We said the 2013 ride would be different. It was. And the last day was the most different of them all, for reasons of remembrance, innovation, pilgrimage and the unstilted exuberance of the music of Culture Club.
Told you it would be different.
Our day began in the dusty mining town of Sondrio. Avoiding the busy main drag, this time deliberately rather than because someone thought they had a better idea with the route, we eased along the valley floor through the villages, light industry and dubious road surfaces that seem to abound the north east of the Lake Como area.
After some fast riding on the flat, we were soon at a nondescript town on the northern tip of the lake. Scant reward for our efforts, but the coffee was strong and cheap.
Then we made our way down the Lungolargo lakeside road through quiet villages, past sweeping views across the water and through a few dodgy tunnels until we reached Varenna, a lovely little village with green and ochre houses working their way up the steep hillside.
And then some LVG innovation: lunch on the quayside and a ferry across the lake to Bellagio. The first LVG kilometres covered not by pedal, and very pleasant it was too.
We arrived at Bellagio, a cute little port, but had other matters to attend to. The very sharp, then flat, then sharp again 10k climb up to the Madonna del Ghisallo, the little chapel of the patron saint of cycling. A true pilgrimage. I knew what the old stuff was like, but there was no substitute for seeing Coppi and Bartali’s machines in the flesh, with gearing that can only make a modern cyclist shudder.
And a moment of sombre prayer as we offered thought for Nuts, who checked out of this world earlier this year and left us with a motto for this year’s ride shirt that certainly helped me over the past few days when the spirit was sagging: “You’re a long time dead mate”. We left the hallowed LVG bell at the most hallowed of cycling shrines in his memory. Nuts, thanks for all the memories, and rest in peace.
Then a fast followed by steady descent towards Como and the finish line. Already it was over. An epic ride, so many tales, so much beautiful scenery, so much achievement, so many new things and yet so much that stayed utterly the same.
We ate outside the hotel on the terrace, our group on one side and a middle-aged Italian medics’ convention on the other. When The King made his appearance as the quacks took to the dancefloor in front of a cheesy cover band, you could see where that was heading. Amazing images, and the sight of a faux Elvis grinding around amongst confused locals beside the lake to off-key Culture Club was a fitting way to end another bonkers week.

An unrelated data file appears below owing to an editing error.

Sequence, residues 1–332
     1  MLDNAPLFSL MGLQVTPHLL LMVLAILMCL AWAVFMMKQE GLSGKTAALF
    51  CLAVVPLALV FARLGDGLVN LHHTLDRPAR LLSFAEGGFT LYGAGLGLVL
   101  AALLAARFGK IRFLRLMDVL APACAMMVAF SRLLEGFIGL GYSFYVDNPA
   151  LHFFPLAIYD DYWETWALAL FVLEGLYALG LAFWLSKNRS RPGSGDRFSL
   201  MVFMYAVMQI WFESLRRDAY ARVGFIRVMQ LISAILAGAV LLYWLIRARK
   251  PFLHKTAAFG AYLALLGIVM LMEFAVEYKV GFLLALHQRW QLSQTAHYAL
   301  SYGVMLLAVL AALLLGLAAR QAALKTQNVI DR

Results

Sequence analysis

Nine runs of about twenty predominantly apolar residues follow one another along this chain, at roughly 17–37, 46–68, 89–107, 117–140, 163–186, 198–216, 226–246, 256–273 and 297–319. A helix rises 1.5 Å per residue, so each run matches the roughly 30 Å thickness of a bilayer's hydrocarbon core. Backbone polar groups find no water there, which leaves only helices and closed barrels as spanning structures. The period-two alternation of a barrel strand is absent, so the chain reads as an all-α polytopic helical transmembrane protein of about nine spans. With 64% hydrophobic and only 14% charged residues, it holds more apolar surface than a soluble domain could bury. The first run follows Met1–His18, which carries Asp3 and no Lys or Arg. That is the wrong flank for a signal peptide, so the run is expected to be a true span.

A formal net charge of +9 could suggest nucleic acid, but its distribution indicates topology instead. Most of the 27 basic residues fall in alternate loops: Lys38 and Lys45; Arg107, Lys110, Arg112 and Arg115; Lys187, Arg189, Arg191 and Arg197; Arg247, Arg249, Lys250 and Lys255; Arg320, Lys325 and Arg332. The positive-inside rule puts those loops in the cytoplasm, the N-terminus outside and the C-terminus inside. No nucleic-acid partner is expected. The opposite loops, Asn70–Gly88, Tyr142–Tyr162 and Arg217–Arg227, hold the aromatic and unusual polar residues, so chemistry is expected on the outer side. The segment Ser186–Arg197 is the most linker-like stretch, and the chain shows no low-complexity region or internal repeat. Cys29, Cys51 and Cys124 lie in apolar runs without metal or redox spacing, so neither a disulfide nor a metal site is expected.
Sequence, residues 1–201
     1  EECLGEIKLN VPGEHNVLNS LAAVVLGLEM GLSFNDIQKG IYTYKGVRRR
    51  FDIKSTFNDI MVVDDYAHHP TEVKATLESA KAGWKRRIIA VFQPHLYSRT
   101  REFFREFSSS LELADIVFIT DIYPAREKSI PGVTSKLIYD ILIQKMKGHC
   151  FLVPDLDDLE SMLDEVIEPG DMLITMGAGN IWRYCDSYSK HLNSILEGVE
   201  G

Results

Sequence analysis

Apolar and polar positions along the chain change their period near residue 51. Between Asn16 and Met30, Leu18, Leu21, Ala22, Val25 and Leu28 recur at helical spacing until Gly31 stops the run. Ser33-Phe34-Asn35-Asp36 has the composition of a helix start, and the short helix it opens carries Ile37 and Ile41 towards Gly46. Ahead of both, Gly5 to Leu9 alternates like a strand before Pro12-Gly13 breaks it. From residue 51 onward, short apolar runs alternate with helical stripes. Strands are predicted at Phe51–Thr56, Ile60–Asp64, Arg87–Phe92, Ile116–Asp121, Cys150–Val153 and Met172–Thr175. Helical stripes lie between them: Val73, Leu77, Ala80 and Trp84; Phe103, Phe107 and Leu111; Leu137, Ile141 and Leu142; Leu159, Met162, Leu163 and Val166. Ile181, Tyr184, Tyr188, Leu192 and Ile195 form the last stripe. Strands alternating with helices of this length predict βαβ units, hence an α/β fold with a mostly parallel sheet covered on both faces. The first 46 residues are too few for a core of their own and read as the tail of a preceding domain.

For the LVG this week, every day was indeed like survival.
But survive we did. Big thanks and safe travels to the 2013 riders: Matt, Gabbi, Deptford, JL, Weeman, Hans, Typo, Cap’n Jack, Textbook, Ed, Wardy and Beev. And, as ever, huge gratitude to van man Howie – Ciao-e.
A new bell was blessed and is the ‘safe’ hands of Cap’n Jack for another year. He won a Livestrong cap for being the rider most likely to take things he shouldn’t (even the bike was borrowed this year) and I got a bandana for most improved ‘rider’. Started from a very low base though. Plus Luke in absentia won a stuffed marmot – for the most spectacular crash of the week, committed while not actually riding his bike. Big skills.
Oh and then Textbook got invited to an Italian bunga bunga and pasta party by a very strange man and rolled in at 5am. But more on that another time. Expect many more pictures on Dropbox soon.
Superlatives can grate a bit around the LVG dinner table can’t they?
Tough. This was a truly epic day.
The iconic Gavia and Mortirolo climbs. A stunning descent from the Mortirolo that wound and then dropped for ever. A Gavia descent that was the scariest thing I’d ever ridden, though the acrobatic mountain goats and scenery were a distraction. Snow piled 15ft high on top of the Gavia. And Typo and Hans in a summit stand-off over ice down the back of a dry rain jacket that would have put budding T-Rexes to shame.
The Gavia is something like a 25.5km climb. Very gradual ascent for the last few km but ramping to around 15% for the few previous km. The Mortirolo had a similar stretch near the top. Some 125km in all today, most of it hot.
We said goodbye to Weeman and Hans, both heading home as Wardy did yesterday.
We did some cyclocross on the way in tonight and I caught some air from some kickers.
Bell to Textbook, largely for poor chain maintenance: his hallowed prize will be to carry it to the Madonna del Ghisallo tomorrow. Horn of shame to Deptford for wearing galoshes.
Onward to Como tomorrow, via a lake crossing and the sacred church of cycling.
Have honestly tried to upload pix but hotel wifi failing. More when feasible.
Pass (noun): a route, sometimes even paved, between mountains or mountain ranges to provide a thoroughfare from one destination to another, typically to traverse normally impassable terrain.
Pass (verb): to pass, as in “You think I’m going up that on a bike? No thanks mate, I’ll pass.”
Somehow none of the LVG did today. After a windy and dusty ride up to Prato del Stelvio, we spent a good chunk of the afternoon winding our way up endless treacherous (48, felt like more) hairpins on one of cycling’s tougher and certainly infamous climbs. Through valleys with roaring streams, forests, road clinging to the mountainside, road with snow piled high on either side, and finally after 25km of climbing (yes 25km, yes a long way up) made it to the summit and yet more hairy German bikers (Germany, do you deliberate ship them out to Italy in June?).
It was a classic climb, a beautiful climb and a near-soul-destroying climb. Made worse for me by having slopped tomatoes all over my (Bianchi world champion; yes: ponce) jersey at lunch.
Next a descent from what seemed like the top of the world down some 1,900m to the brilliant cyclist hospitality (though reduced wi-fi, photos later hopefully) of the Hotel Funivia at Bormio. It even has a bike cave.